Then 24 Hours in the Old Pueblo came up and we managed to catch some serious rain. I did a lap at 8 pm I think and another at about 5 am or so as the sun came up. No big increases in speed, I seemed to not be able to get a lap done faster than about 1:35 during any of my practice laps or the race laps. Not sure whats going on, maybe just getting old.

So, I thought getting back to Southern California and doing SC 400 might be a "fun" thing to do and got myself signed up for it.  The race direction was different this year. In '15 when I did it, we left Idyllwild and went down Coyote Canyon, across the Anza Borrego, up the Lagunas and then into San Diego and back.  This year the route would be counter clockwise, with Coyote Canyon being one of the last things.

Ready to Go
We started at about 8 am on Friday morning, and I think I rode pretty good for the first part. I got partly up Thomas Mountain Road and noticed that my bike was handling funny and then looked down at a mostly flat front tire. I got off to the side, found the hole, added some sealant and let it fix the problem and pumped it up with my hand pump. Other than keeping my OCD worrying about now only having one sealant bottle left this went well. On the down hill side of Thomas Mountain before Anza, I managed to slide out on sand and landed chain side down. Bike didn't shift well after that, but most of the higher cogs were working ok, so pressed on.

Looking towards Lake Hemet

Thomas Mountain Road

I stopped at the Anza RV/Sunshine Market stop and hung with a few other riders for a while ( Shelly, Cedar, Brendan and Angel ). Got a sandwich and drank a little of a beer and then we all headed up Bailey Road and onto the California Riding & Hiking Trail. It's a long stretch through an area called the "Lost Valley" and somewhere around sundown we were getting to Warner Springs and making a supper stop at the newly opened golf resort.  The place was swamped with SC riders, a bunch of Canadians and our group, and I had a great patti melt sandwich, and got rehydrated with about 3 gallons of iced tea and Coke.  Our little group of 5 headed out together and we stopped on Mesa Grande road, at essentially the top of the climb and bivyed out in a cow pasture.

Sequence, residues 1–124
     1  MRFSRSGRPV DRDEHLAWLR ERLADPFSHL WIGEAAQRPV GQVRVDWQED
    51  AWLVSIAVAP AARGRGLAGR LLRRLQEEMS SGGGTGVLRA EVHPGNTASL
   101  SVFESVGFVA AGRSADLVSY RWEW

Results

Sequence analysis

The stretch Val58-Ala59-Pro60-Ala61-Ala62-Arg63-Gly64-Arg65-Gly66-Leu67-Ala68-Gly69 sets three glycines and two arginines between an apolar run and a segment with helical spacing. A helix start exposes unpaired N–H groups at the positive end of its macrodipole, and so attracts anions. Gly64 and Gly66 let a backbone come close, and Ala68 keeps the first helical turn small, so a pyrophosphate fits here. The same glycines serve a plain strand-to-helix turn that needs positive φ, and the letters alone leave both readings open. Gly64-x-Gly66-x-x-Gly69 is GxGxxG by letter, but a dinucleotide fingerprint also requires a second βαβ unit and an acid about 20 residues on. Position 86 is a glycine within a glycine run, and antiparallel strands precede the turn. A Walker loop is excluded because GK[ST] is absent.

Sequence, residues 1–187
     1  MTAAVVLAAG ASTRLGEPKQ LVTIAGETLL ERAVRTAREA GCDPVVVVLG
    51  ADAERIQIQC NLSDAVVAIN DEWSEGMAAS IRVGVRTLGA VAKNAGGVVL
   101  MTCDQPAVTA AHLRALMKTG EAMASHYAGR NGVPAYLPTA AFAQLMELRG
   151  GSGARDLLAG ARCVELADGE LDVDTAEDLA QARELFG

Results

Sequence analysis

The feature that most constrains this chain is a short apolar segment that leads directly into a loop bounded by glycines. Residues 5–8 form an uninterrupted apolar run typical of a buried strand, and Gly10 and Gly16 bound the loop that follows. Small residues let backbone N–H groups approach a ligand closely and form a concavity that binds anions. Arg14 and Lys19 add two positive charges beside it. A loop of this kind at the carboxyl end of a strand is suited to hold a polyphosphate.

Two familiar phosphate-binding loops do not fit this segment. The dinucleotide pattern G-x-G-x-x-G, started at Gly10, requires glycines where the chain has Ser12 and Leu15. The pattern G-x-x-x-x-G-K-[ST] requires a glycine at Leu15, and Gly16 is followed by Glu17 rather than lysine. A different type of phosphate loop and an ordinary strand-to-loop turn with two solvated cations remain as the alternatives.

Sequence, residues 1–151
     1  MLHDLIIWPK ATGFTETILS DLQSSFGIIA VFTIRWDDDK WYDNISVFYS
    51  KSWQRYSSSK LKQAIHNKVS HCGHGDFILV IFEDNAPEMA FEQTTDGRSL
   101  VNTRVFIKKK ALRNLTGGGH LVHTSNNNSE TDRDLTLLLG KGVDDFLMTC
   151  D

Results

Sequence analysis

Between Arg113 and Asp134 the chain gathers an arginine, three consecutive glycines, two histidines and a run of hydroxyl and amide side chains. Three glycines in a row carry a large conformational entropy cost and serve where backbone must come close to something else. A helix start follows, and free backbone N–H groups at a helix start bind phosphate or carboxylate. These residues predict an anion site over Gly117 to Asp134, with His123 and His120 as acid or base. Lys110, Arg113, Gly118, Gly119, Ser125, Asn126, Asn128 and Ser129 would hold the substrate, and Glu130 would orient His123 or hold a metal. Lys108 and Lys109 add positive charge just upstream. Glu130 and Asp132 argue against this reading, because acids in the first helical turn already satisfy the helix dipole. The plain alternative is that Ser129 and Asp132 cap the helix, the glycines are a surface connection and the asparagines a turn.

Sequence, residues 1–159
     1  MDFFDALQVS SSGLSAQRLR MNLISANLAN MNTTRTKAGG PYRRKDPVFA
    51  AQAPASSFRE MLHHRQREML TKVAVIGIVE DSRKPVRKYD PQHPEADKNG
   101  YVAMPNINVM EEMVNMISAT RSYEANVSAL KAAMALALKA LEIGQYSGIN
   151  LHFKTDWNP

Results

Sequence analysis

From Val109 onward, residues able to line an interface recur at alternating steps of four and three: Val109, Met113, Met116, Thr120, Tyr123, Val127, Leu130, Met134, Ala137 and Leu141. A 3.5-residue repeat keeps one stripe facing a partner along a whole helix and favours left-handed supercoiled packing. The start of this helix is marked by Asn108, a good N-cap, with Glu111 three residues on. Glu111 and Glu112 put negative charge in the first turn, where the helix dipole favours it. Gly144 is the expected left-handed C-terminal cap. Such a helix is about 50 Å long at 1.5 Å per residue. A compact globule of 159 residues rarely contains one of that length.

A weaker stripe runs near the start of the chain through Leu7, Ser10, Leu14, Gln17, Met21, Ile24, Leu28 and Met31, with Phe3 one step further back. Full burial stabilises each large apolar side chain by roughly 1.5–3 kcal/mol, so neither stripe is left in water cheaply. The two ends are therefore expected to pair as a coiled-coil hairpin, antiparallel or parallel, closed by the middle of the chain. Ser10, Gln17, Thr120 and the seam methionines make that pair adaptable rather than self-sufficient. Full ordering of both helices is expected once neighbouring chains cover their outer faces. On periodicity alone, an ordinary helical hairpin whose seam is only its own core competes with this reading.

Above Warner Springs

Almost the end of the day

Shelly and Brendan .. Saturday Morning

Mesa Grande Store

Next morning we rode a bit, chilled at the Mesa Grande store (closed ), where Cedar made some coffee. I had a pecan pie tin that I tried to use as a coffee cup .... didn't know it had 5 holes in the bottom of it ... surprise, surprise ... as the coffee leaked out.
Residential Chaos

Was a good ride down Black Mountain road, and towards Ramona.  When we got to Pamo road we took an alternate route as some State Park people didn't want cyclists using a little wilderness traverse that we had used before .. up one of the steeper paved ascents I've done in a while and then down Hwy 78, along the San Dieguito bike path ( which is more of a trail than a bike path in a lot of places ) and we get to Escondido near I-15.  Gas station sandwiches and rehydration and then rolling along Lake Hodges.  Lake Hodges took a while, it was getting hot, Cedar and I got separated from the others .. at one place there was a giant washout with two logs crossing on it.  Trying to do a delicate balance of me on one log and my bike on the other and not falling into a 6 foot deep hole underneath me .. the stuff we do.